The Spiral Ascent
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Upward began writing In the Thirties in 1954 but it wasn’t published until 1962, by Heinemann, having been turned down by Leonard Woolf at the Hogarth Press, publisher of Upward’s first novel. The Rotten Elements was then brought out by Heinemann in 1969 and both volumes were followed by Penguin editions. After its completion in 1975, it took two years to get No Home But the Struggle published and it initially appeared only in Heinemann’s combined edition of the trilogy with financial assistance from the Arts Council of Great Britain. Subsequently the three individual volumes were brought out in paperback by Quartet. Preview extracts from the first two volumes were published by the London Magazine, which also published many of Upward’s stories.
The text of the digital edition available above is based on the Heinemann combined edition of 1977 (ISBN 0-434-81172-6) but includes a number of minor corrections supplied by the author in the 1980s. Other printing errors have been corrected and capitalisation and hyphenation have been standardised in some cases. Scholars may wish to view a comparison of the editions.
Notes on the Trilogy
Although The Spiral Ascent is not strictly autobiographical, most of the characters and incidents in it are very similar to real-life counterparts, with Alan and Elsie being based on Upward and his wife Hilda, and Richard based partly on Isherwood. One of the obvious divergences from reality is that Alan is a poet in the book rather than a writer of prose.
In the Thirties recounts Alan Sebrill’s attempts to write and find love, his personal crisis, and then his involvement in the Communist Party, his job as a teacher and his marriage to Elsie. The opening chapter by the seaside sees the young writers Alan and Richard glorying in language and nature but also deliberately making contact with ‘the so-called lower classes’. This may seem strange until the reader realises that they have had the same isolated, privileged upbringing as the ‘poshocrats’ they despise. Later in the book we find Alan sometimes fighting to suppress some lingering snobbish attitudes, but he doesn’t waver in his commitment to the side of the workers.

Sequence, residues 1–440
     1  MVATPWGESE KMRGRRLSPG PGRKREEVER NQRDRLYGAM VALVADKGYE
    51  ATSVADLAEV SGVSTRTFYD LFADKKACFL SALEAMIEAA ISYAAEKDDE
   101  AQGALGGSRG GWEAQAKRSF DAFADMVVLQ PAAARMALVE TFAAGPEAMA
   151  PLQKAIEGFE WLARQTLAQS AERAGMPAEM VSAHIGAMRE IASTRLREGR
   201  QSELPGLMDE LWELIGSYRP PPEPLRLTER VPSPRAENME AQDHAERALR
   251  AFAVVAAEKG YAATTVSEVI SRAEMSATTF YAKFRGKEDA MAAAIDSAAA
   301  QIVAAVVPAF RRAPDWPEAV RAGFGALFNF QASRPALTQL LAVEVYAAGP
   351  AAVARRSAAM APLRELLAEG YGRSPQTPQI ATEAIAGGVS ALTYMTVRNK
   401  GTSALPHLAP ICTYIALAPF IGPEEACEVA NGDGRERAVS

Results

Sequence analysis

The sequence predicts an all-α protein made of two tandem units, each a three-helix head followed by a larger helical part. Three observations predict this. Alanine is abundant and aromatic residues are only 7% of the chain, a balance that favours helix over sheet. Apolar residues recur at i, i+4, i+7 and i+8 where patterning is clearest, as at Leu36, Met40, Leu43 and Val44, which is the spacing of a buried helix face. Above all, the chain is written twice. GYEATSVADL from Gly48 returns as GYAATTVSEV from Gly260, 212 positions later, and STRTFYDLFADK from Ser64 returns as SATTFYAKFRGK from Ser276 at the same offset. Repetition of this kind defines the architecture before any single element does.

Later chapters give a vivid picture of the activities of CP members, including opposition to Oswald Mosley’s blackshirts and routine leafleting. Upward is not afraid to put the opinions of the time into Alan’s mouth without the benefit of hindsight, including those showing his ignorance of the extent of Stalin’s crimes. He thus provides a truthful account of the events, atmosphere and his own feelings of the 1930s. This is one of the most notable achievements of the trilogy, and one which is partly a result of Upward retaining his revolutionary politics. Many writers about the period who were on the left in the thirties moved to the right during the Cold War and easily fell into cynicism or opposition to their earlier ideas, whereas Upward is still able to recognize the genuine motivations and positive results of the actions of ordinary CP members despite the effects of Stalinism on the Party. The final chapter closes shortly before the war begins, with comrades on a walk in the country, and includes what is effectively a prose ode to trees, reflecting Upward’s own love of the natural world as well as his observational and descriptive powers.